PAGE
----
Bear In Heaven

Time Is Over One Day Old (Dead Oceans)

Contact Jacob Daneman about Bear In Heaven

After unveiling hints on Instagram, Bear In Heaven is excited to announce their new album, Time is Over One Day Old (out August 5th on Dead Oceans). Aptly titled, it’s a record with a visceral relationship to time and its processes. When bands age well, their vitality takes shape. They wear, but with intention. They trim excesses. Bear In Heaven has always made intriguing records. 2007’s Red Bloom of the Boom is ambitious and experimental. Beast Rest Forth Mouth (2009) was a pivotal record that introduced them to the wider, wilder world. It’s a work that still feels important, seductive and intense. On their 2012 LP, I Love You, It’s Cool, the structural and musical ideas are masterfully developed yet it sits at a strange remove and is a record as much (or more) about observing as it is about participating.

 

On Time is Over One Day Old, we witness the band once again turning their gaze inward and prioritizing their evocative abilities in line with or even slightly ahead of technical skills. It feels very much in the tradition of Beast Rest Forth Mouth in that way. It’s beautiful; it’s moving. They carefully balance moments of joyful simplicity and deep complexity. It’s easy to see why musicians fall hard for this band. They entice and envelop you. Any Bear In Heaven song will most likely greet you with a provocative beat, textural synthesizers and unassuming but adeptly supportive bass and guitar, all exquisitely arranged and glistening. It’s a kind of density that you want to bite right into. Jon Philpot’s high, smooth, strong voice is so tightly wound into the music that it can be easy to overlook the lyrics, Bear In Heaven’s capacious third dimension. Philpot is a center-seeking, contemplative writer who captures the fleeting thoughts that underscore our emotional lives, the interactions with the world that are both difficult to express and anathema in daily conversation.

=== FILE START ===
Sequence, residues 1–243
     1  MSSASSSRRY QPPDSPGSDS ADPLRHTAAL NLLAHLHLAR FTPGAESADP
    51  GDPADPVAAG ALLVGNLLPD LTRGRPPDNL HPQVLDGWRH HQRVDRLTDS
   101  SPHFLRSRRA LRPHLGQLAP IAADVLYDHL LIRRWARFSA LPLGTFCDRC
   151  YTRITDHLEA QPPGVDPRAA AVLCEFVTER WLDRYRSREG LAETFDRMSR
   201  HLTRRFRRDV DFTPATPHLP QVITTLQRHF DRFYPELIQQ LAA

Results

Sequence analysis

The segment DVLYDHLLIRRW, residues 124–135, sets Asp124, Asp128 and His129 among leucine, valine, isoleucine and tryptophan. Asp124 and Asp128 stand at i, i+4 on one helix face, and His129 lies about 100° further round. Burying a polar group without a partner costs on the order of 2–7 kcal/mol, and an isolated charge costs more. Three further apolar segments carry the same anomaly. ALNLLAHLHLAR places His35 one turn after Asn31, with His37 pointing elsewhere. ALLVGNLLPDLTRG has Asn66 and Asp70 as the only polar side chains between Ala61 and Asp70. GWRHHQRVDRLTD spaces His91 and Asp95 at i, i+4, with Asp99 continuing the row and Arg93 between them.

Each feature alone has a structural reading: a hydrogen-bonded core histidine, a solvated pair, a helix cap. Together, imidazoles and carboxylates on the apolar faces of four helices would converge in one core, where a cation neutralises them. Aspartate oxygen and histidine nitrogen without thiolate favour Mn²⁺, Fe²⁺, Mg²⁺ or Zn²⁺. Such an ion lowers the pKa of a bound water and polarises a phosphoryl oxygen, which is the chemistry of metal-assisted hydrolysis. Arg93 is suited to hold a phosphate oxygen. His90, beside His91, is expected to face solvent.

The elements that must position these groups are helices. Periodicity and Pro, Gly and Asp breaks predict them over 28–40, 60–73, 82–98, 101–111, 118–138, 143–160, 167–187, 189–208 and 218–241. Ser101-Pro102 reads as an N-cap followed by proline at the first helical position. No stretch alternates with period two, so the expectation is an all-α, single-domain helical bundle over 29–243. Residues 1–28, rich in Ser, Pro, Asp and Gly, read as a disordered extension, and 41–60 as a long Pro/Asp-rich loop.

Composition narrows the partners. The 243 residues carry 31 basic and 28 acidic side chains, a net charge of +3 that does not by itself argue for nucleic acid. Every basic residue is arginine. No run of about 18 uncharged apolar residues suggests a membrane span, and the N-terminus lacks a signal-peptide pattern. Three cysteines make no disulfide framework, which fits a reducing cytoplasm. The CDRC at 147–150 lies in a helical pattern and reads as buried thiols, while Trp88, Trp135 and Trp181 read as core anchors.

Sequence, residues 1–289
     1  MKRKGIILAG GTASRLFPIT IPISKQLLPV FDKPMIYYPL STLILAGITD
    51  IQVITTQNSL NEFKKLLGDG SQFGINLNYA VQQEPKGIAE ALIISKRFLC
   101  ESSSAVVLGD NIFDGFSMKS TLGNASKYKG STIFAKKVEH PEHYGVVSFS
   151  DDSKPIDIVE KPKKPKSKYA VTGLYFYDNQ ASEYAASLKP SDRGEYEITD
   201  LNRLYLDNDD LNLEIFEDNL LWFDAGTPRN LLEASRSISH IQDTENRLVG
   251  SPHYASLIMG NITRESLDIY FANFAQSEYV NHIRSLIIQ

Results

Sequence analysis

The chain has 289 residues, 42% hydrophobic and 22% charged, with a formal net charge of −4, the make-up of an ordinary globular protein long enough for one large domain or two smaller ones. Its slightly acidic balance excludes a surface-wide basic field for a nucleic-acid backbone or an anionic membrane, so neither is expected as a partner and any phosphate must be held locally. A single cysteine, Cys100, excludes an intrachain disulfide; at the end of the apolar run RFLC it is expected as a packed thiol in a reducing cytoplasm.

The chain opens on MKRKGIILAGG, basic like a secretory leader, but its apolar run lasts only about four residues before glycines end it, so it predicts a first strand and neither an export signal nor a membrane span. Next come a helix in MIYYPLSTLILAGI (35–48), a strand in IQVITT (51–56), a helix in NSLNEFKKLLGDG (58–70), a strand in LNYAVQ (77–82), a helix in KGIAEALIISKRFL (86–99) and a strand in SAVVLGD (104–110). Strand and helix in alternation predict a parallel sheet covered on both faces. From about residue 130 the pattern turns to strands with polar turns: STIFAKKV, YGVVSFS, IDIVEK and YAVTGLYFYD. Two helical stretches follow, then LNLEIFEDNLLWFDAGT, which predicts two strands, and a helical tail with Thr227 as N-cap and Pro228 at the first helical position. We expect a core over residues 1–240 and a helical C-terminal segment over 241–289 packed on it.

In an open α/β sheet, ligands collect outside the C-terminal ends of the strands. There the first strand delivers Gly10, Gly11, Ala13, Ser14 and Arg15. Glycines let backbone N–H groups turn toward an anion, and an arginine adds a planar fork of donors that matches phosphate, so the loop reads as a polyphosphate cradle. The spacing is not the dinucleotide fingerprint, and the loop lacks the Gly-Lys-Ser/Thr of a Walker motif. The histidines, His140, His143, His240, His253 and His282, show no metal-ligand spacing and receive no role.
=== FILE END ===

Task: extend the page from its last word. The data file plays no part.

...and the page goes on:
Here Philpot and Adam Wills are more deeply collaborative than ever, in no small part because of the shared frustrations that have recurred as topics of conversation throughout the 10 years of living as a band together. This album is darker at times, louder than their others; it feels personal and direct. Relatively new to the band, drummer Jason Nazaryadapts and adds to Bear In Heaven’s sound and structure. Wills, who is gregarious and outspoken in person, has always been the bands anchor, providing rock solid, rhythmic bass lines and guitars that blur the boundaries of Philpot’s synth. This album isn’t about being dark, it’s about releasing darkness and frustration.

 

Philpot recognizes that being in a band isn’t a normal way of life. In speaking about Time Is Over One Day Old, he says, “we’re setting aside the things that most people focus on [and instead] staking our claim in some ethereal place”. For him this is about making something lasting. “A lot of shedding, getting rid of layers and pre-conceptions… breaking up with old ways of thinking, old ways of being, starting to look at this thing in a new way and finding something positive.” The result is a record that will stay with you.

 

Philpot sums it up: “…that’s about all we can do; make people feel something.”

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